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PKA negatively modulates the migration enhancing effect of Connexin 43.

Biochim Biophys Acta Mol Cell Res. 2019 Feb 12. pii: S0167-4889(18)30392-6. doi: 10.1016/j.bbamcr.2019.02.001. [Epub ahead of print]

Authors/Editors: Kameritsch P, Kiemer F, Mannell H, Beck H, Pohl U, Pogoda K.
Publication Date: 2019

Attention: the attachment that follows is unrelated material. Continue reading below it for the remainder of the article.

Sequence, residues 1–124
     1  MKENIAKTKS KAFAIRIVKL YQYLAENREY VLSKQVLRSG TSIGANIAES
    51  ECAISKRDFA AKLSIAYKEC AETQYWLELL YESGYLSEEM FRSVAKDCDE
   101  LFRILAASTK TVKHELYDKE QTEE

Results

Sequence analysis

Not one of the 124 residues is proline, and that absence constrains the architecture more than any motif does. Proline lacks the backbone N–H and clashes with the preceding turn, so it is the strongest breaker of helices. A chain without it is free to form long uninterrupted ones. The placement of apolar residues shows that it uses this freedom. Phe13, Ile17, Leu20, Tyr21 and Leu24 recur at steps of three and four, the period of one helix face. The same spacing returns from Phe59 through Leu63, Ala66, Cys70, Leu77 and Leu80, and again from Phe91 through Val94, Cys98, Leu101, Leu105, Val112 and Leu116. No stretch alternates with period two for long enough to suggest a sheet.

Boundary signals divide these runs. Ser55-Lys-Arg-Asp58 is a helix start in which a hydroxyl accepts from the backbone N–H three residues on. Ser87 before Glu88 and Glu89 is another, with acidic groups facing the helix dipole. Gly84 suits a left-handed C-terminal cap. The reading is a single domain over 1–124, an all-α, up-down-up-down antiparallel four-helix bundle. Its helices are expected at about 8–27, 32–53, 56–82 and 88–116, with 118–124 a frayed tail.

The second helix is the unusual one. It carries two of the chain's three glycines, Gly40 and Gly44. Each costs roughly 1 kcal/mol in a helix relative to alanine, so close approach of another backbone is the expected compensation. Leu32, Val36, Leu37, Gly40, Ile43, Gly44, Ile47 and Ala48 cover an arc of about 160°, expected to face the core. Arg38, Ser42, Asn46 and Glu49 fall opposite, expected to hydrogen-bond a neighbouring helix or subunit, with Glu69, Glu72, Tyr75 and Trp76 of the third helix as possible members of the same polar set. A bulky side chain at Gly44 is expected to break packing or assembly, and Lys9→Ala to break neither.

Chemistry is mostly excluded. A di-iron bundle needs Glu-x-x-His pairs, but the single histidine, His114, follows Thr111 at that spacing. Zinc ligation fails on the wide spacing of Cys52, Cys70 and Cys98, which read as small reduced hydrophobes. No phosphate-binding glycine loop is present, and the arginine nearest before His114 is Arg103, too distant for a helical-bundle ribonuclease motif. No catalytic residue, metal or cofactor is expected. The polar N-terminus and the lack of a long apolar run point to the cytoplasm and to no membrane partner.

Connexin 43 (Cx43) expression is associated with an increased cell migration and related changes of the actin cytoskeleton (enhanced filopodia formation). These effects are mediated by the C-terminal cytoplasmic part of Cx43 in a channel-independent manner. Since this part has been shown to interact with a variety of proteins and has multiple phosphorylation sites we analyzed here a potential role of the protein kinase A (PKA) for the Cx43 mediated increase in cell migration. Mutation of the PKA-phosphorylation site (substitution of three serines by alanine or glycine) resulted in a further increase in cell motility compared to wild-type Cx43, but with a loss of directionality. Likewise, cell motility was enhanced by PKA inhibition only in Cx43 expressing cells, while reduced in the presence of the PKA activator forskolin. In contrast, cell motility remained unaffected by stimulation with forskolin in cells expressing Cx43 with the mutated PKA phosphorylation site (Cx43-PKA) as well as in Cx-deficient cells. Moreover, PKA activation resulted in increased binding of PKA and VASP to Cx43 associated with an enhanced phosphorylation of VASP, an important regulatory protein of cell polarity and directed migration. Functionally, we could confirm these results in endothelial cells endogenously expressing Cx43. A Tat-Cx43 peptide containing the PKA phosphorylation site abolished the PKA dependent reduction in endothelial cell migration. Our results indicate that PKA dependent phosphorylation of Cx43 modulates cell motility and plays a pivotal role in regulating directed cell migration.

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